Wednesday, July 05, 2017

I bet you've never learned of this before! A 1940 mid-air collision occurred over Australia. Both Avro Ansons of a flying training school remained locked together after colliding, and then landed safely.

The collision stopped the engines of the upper Anson, but those of the machine underneath continued to run, allowing the pair of aircraft to keep flying. Both navigators and the pilot of the lower Anson bailed out. The pilot of the upper Anson found that he was able to control the interlocked aircraft with his ailerons and flaps, and made an emergency landing in a nearby paddock. All four crewmen survived the incident, and the upper Anson was repaired and returned to flight service.

The Ansons were at an altitude of 1,000 feet when they made a banking turn. Fuller lost sight of Hewson's aircraft beneath him and the two Ansons collided amid what Fuller later described as a "grinding crash and a bang as roaring propellors struck each other and bit into the engine cowlings".

 The aircraft remained jammed together, the lower Anson's turret wedged into the other's port wing root, and its fin and rudder balancing the upper Anson's port tailplane.

Both of the upper aircraft's engines had been knocked out in the collision but those of the one below continued to turn at full power as the interlocked Ansons began to slowly circle.

 Fuller described the "freak combination" as "lumping along like a brick". He nevertheless found that he was able to control the piggybacking pair of aircraft with his ailerons and flaps, and began searching for a place to land.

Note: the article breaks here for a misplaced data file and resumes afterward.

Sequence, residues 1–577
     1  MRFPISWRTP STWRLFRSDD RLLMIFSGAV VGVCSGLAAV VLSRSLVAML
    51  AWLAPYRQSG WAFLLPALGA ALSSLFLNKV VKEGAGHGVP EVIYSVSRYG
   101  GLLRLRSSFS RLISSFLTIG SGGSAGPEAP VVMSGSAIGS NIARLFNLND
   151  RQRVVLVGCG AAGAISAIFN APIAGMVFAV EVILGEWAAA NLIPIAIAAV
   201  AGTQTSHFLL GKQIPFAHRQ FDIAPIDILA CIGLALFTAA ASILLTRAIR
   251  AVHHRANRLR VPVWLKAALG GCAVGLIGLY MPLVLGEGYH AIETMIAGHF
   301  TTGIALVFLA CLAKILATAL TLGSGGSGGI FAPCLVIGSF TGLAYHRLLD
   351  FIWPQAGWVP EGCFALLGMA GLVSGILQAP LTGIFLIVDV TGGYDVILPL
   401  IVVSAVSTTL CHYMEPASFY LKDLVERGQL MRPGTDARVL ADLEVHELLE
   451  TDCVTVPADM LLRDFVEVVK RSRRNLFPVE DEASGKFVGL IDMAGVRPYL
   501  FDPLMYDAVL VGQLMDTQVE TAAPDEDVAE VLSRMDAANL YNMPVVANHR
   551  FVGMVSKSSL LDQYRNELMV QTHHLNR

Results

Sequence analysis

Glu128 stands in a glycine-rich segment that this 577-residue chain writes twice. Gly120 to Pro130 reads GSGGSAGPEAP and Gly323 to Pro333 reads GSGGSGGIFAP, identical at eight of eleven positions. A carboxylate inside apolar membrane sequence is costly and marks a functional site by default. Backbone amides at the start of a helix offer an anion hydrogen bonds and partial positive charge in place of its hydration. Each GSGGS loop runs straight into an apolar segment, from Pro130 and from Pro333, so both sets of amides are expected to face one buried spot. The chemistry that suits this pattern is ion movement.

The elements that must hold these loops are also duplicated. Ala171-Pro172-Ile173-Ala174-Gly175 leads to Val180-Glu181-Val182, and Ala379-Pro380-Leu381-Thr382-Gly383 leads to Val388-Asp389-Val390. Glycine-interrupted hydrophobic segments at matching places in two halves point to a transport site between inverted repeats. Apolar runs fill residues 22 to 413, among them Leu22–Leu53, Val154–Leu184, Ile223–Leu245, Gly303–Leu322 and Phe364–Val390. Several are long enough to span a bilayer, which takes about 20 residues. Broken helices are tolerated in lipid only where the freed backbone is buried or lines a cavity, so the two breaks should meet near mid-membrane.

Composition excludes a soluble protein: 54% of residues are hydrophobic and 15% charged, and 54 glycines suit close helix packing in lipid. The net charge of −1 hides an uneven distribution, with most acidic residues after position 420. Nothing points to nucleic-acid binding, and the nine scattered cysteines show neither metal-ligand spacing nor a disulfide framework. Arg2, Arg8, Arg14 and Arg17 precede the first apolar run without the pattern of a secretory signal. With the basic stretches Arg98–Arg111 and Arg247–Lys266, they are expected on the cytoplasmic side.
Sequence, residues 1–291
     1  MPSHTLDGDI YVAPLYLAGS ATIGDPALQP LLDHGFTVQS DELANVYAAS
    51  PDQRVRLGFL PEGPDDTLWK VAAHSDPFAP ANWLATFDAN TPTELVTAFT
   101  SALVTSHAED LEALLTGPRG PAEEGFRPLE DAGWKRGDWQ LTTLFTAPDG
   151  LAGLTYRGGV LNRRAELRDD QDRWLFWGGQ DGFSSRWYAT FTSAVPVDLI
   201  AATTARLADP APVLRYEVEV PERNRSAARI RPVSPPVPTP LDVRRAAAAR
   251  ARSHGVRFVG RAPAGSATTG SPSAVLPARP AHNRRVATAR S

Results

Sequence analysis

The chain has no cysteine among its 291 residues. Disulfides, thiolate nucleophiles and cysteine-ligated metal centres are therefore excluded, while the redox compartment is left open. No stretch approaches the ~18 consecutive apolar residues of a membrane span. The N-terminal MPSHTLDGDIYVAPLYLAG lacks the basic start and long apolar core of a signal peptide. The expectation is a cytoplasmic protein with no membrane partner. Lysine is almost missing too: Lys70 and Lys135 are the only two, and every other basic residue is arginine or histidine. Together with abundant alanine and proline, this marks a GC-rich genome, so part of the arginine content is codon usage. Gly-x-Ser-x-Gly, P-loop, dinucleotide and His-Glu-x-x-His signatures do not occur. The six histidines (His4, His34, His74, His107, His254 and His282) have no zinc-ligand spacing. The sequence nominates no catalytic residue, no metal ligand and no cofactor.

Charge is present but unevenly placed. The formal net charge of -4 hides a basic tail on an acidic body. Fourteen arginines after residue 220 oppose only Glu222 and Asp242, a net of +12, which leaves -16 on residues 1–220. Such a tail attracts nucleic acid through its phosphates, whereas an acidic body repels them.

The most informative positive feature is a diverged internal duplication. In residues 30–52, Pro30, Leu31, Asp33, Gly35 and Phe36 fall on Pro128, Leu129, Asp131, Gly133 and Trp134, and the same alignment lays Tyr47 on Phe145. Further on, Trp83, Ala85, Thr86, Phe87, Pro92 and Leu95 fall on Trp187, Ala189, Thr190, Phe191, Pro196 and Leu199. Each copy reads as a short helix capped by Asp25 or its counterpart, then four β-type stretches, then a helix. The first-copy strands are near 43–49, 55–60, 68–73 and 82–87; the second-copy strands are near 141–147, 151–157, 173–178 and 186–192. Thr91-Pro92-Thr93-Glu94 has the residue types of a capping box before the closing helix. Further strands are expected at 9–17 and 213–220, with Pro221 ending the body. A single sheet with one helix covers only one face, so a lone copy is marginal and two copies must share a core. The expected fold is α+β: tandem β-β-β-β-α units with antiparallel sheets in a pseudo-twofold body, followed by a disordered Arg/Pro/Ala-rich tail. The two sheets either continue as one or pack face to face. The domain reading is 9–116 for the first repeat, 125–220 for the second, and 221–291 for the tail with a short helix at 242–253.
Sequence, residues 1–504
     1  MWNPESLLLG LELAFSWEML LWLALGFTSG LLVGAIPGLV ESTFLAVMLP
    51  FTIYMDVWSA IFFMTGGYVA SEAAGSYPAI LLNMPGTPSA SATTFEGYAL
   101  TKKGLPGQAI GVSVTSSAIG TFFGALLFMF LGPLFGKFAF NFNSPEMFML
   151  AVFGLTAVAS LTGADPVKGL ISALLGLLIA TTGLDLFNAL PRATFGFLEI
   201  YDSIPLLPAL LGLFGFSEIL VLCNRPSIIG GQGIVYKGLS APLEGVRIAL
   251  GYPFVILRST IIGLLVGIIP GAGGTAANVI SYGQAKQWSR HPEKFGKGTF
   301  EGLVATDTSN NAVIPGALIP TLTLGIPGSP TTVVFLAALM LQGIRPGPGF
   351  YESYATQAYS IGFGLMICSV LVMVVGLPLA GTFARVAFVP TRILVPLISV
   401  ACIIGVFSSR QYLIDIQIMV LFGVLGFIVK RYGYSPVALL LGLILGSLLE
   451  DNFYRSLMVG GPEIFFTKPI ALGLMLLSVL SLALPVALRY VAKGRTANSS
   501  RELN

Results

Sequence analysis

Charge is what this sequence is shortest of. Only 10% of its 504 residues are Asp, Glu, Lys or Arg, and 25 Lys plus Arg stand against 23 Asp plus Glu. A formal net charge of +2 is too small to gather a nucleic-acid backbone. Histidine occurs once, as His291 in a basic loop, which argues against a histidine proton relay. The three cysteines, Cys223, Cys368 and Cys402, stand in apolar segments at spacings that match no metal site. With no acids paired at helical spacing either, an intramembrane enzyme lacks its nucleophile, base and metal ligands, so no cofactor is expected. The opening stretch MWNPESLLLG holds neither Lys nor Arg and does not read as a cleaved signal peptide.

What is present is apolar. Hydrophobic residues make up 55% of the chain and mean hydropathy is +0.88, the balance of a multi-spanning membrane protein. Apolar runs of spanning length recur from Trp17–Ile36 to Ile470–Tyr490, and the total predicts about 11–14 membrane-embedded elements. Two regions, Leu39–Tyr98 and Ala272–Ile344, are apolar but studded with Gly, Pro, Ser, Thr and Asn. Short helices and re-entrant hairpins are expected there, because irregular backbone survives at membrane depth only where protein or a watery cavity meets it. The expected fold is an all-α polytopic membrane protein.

The two navigators, Sinclair and Fraser, bailed out, followed soon after by the lower Anson's pilot, Hewson, whose back had been injured when the spinning blades of the other aircraft sliced through his fuselage.

Fuller travelled five miles after the collision, then successfully made an emergency pancake landing in a large paddock, sliding 200 yards across the grass before coming to rest.

 As far as Fuller was concerned, the touchdown was better than any he had made when practicing the previous day. His acting commanding officer, Squadron Leader Cooper, declared the choice of improvised runway "perfect", and the landing itself as a "wonderful effort".

 Fuller told the RAAF's Inspector of Air Accidents, Group Captain Arthur "Spud" Murphy:
Well, sir, I did everything we've been told to do in a forced landing—land as close as possible to habitation or a farmhouse and, if possible, land into the wind. I did all that. There's the farmhouse, and I did a couple of circuits and landed into the wind. She was pretty heavy on the controls, though!

The top aircraft (N4876) returned to flight service, and the lower (L9162) was used as an instructional airframe.

Fuller was promoted to sergeant after his successful landing, but also confined to barracks for fourteen days and docked seven days' pay for speaking about the incident to newspapers without authorisation.

He graduated from No. 2 SFTS in October 1940, and subsequently received a commendation from the Australian Air Board for his "presence of mind, courage and determination in landing the locked Ansons without serious damage to the aircraft under difficult conditions".

 Fuller saw active service first in the Middle East, and then in Europe, earning the Distinguished Flying Medal for his actions over Palermo in March 1942.

Commissioned later that year, Fuller was posted back to Australia as a flying officer, and became an instructor at No. 1 Operational Training Unit in Sale, Victoria. Sadly, he died near Sale on 18 March 1944, when he was hit by a bus while riding his bicycle.

Thanks Kim!

No comments:

Post a Comment